What 42 kids taught me regarding the never ending awe…
I love chasing epiphanies. I think alot about the contrast between banality and wonder, between disengagement and radiant ecstasy, between being unaffected by the hearing now and being absolutely ravished emotionally by it. One of the reasons maybe is that I am in the business of creating(or trying to create) experiences that influence behavior.
As 2015 said good bye, I can’t bear thinking about the moments that literally rendered me speechless. I like to believe that we are in a constant struggle to creating education and more appropriately learning an art form.To make art is a desire to clothe inspiration and to capture the transient fleeting moments in which dots connect in a new way. The idea that learning is a creative process came to me during our pilot with Lettuce Bee Kids. Using game dynamics with technology coupled with the creative abilities of the kids that have never been exposed to the illumination of knowledge. Every day was a new experience, everybody trying hard to understand the ingredients of truly fruitful results. It wasn’t until the mid of the course that we saw excitement and that awe of understanding.
I am amazed by the notion that human beings don’t care about spectacle, what they really care about is ecstatic understanding, in other words “Congnitive Ecstasy”, defined as an exhilerating neuro storm of intense intellectual pleasure. Looking at children, they are young, they are learning all the time thereby creating those synaptic connections all the time. This curiosity, this insane drive to understand is on fire in little kids. The first time they understood math and the world other than what they see vindicated Keats famous couplet
“Beauty is truth , truth beauty”
The educational institutions are failing us and they are not providing us the context for this curiosity to explode, to continue to emerge indefinitely. I think our goal is to create great content, to create spaces that allow us to stay curious, to stay alive, to awaken the wonder junkie in all of us, to unleash the brave reckless beings in us all, that is the goal I’m setting for myself.
We are cognitive beings. We are creatures of mind and natural enquiry is embedded in our bones, curiosity defines us, we are the frontal lobes of the universe, but it is also true that in life happiness comes not from finding the answers but in seeking better questions. So in the age of the internet, any query or any piece of data knowledge is a google search away. You come to wonder, are we living in a world where wonder is expressed more intensely that any time I look for a question I get an answer or is the immediacy with which the answer is available is dulling us into a state where we rarely experience the rapture of discovery, the rapture of the search, not just the destination but the journey expressed as the labour, the search, the curiosity seeking to satiate itself. So it makes me wonder will it simply open up new vistas, new questions we haven’t thought of yet?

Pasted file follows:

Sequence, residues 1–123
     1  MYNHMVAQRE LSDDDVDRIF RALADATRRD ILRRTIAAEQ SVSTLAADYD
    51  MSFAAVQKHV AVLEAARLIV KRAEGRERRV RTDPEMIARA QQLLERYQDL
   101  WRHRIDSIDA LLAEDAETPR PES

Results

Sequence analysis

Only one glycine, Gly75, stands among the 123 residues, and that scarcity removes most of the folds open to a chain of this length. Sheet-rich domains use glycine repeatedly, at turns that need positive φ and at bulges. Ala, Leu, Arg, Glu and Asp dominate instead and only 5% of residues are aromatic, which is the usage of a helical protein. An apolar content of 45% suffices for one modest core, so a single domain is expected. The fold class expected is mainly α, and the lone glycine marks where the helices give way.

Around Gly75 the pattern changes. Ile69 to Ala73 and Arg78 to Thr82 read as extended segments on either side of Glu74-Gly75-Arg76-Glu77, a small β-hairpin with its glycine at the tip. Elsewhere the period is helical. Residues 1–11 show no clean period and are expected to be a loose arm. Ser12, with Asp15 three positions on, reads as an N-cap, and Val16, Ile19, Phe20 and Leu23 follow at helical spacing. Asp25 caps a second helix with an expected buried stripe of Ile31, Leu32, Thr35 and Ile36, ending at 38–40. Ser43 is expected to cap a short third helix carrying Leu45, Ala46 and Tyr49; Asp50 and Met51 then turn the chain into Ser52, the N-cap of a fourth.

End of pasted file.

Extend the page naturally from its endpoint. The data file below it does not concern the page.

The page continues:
This is why I believe curation is an important topic in today’s world where we try to manage this overwhelming information flows competing for our attention. We are all suffering from intense information bandwidth anxiety. We simply lack the biological hardware to actually take in all the information that competing for our attention so curation has become the buzzword, “the information diet” of every single person and how are we going to curate the information diet. Are we just going to create a filter bubble because frankly that is not curation. Curation cannot be just filtering out what we don’t want. Curation needs to be about creating the conditions where we can discover what we didn’t know we wanted, when we can discover what we know will be useful. Curation should be all about serendipity, when you look for something, find something else, realize what you found was more condusive to your needs and what you thought you were looking for. So the question today becomes, can we design technology that can leverage contextual computing, big data, find patterns, create random patterns so forth to engineer technologically mediated information serendipity.
There is a great line by Camus. He says that
“Life should be lived to the point of tears”
In other words, we should strive to be moved, to be transported, to be shaken. We all want to be touched by something greater than ourselves. Thats a difficult thing to do, so I’ve really become obsessed with the idea of experiencing design which is technically hacking experience, hacking subjectivity. It turns out that the trick is attention, to hack experience you got to hack attention. A fantastic article by Diana Slattery says that what is required is the capture and control of attention to create a state of deep immersion and absorption and this kind of immersion is a prerequisite for any kind of inter personal persuasion, transformation or education to take place. This kind of deconstructing of our consciousness and tweaking our perceptual apparatus to engineer a kind of neural nirvana is what it means to be human and that is what we are increasingly becoming better at doing, at distilling, at creating amazing learning experiences.